First Bloom of Spring – and Beyond

IMG_3446Yesterday I saw the first bulb blooming in the front garden – an Early Snow Glory. It appears delicate, but it has fought through the cold and snow of the winter to get here. What a beautiful sight after the weeks of snow and cold of February and early March. Yes, spring is coming and with it the promise of possibilities.

These small blue flowers are also another reminder of my mother who planted the bulbs years ago and always looked forward to their appearing each year. A bittersweet remembrance of the seeds of love and faith that both my parents planted in their children and with everyone they met.

However, my parents aren’t the only ones who planted seeds in my life. Many people in the past and present, those I’ve known, but many I haven’t, who have planted seeds that continue to sprout. There’s a beautiful garden to view and tend if only I have eyes to do so.

But it’s not only about looking at the garden that has already been planted. Where am I sowing seed? On a literal level, I have a packet of Canterbury Bell seeds sitting in my in-box. When I think of having to plant them in small containers so they can sprout before they go into the ground I wonder if it’s worth the effort and laziness takes over. Then, what if the flowers become trampled or waterlogged? What if they don’t grow? So I’m afraid of putting anything in the ground. However, storing them is also a problem. Last year I threw away a box of flower bulbs that had started to mold and disintegrate when I did not plant them soon enough. So much potential, gone.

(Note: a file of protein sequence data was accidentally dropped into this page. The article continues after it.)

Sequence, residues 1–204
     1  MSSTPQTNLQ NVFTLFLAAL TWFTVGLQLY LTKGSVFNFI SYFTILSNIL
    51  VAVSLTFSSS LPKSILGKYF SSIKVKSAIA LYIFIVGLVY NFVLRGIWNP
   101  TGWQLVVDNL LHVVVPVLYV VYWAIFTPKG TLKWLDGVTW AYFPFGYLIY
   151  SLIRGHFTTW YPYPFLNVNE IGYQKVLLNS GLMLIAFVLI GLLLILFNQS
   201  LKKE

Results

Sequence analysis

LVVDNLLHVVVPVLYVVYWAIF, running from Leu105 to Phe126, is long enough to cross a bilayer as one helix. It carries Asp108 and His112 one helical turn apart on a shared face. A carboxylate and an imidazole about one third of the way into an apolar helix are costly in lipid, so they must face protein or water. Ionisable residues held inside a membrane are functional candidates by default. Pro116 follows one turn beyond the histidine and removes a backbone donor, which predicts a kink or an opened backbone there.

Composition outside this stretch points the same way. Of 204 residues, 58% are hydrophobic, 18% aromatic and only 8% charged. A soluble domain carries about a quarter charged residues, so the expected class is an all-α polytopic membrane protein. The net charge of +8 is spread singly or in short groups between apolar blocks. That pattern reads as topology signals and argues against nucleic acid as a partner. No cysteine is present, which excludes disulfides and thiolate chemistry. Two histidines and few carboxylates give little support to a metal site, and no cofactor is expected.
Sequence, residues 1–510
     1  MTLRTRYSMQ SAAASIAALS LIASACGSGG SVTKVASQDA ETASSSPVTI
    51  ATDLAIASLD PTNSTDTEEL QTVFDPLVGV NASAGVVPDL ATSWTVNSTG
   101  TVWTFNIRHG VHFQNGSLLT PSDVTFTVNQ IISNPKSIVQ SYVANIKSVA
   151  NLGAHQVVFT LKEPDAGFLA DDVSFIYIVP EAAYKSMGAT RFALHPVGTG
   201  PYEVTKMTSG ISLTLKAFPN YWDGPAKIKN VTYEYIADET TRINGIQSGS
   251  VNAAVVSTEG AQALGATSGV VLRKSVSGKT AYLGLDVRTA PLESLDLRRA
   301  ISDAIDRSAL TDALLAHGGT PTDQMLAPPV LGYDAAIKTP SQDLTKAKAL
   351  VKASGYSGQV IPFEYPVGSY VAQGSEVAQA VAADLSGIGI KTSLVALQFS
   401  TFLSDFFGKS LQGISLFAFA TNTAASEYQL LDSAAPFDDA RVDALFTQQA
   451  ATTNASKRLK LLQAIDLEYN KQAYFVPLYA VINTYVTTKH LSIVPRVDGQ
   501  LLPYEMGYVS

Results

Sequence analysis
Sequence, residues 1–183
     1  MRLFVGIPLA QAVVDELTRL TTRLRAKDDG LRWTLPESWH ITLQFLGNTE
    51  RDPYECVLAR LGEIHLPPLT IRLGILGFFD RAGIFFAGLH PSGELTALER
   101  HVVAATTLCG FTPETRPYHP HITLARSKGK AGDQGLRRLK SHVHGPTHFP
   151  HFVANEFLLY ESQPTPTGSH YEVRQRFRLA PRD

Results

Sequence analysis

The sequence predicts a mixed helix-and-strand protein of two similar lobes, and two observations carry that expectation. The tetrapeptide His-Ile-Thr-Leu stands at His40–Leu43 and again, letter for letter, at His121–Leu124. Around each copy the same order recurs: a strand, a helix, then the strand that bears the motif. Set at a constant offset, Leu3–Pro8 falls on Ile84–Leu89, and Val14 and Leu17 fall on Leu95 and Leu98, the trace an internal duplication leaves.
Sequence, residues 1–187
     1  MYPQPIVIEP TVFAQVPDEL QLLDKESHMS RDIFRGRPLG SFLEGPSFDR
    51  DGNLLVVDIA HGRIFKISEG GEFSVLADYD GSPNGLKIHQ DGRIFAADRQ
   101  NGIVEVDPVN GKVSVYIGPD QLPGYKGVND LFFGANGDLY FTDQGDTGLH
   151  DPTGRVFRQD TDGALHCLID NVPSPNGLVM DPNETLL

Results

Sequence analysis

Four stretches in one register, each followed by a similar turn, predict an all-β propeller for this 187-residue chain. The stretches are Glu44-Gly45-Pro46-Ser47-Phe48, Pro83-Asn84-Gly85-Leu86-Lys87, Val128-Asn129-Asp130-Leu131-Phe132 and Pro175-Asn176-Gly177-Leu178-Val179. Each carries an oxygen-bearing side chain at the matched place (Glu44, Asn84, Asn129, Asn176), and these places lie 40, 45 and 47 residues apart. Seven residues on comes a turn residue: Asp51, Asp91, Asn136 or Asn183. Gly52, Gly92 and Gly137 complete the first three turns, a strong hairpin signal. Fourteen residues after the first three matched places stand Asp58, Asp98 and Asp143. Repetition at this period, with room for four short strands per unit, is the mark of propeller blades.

It takes faith to plant bulbs: faith that this effort will result in a flower months from now, faith that the earth and the rain will provide the conditions for growth. It’s similar with other seeds that we plant. When I personally think of sharing ideas, compliments, concern, even an invitation to dinner, I’m not sure what will happen. How will the other person react? However, if I never step out these potential interactions, seeds if you will, can decay. So I’m convinced that we need to let go and share our love for friends and family, ideas for changing our corner of the world, our skills for helping others. Though it may be a challenge for some of us, it is worth it to find the soil that will nourish these seeds and see what grows.

As I watch each bulb blossom this summer, I will continue to be reminded of my mother and all that she planted. But I will also be reminded to plant my own seeds. Some will be actual flower bulbs, but others will be through relationships, ministry, and writing.

After a winter of being inside, it is time to step out. What’s the worst that can happen when we plant these seeds in the world? I predict that a garden of riotous color will emerge.  Let’s get planting.

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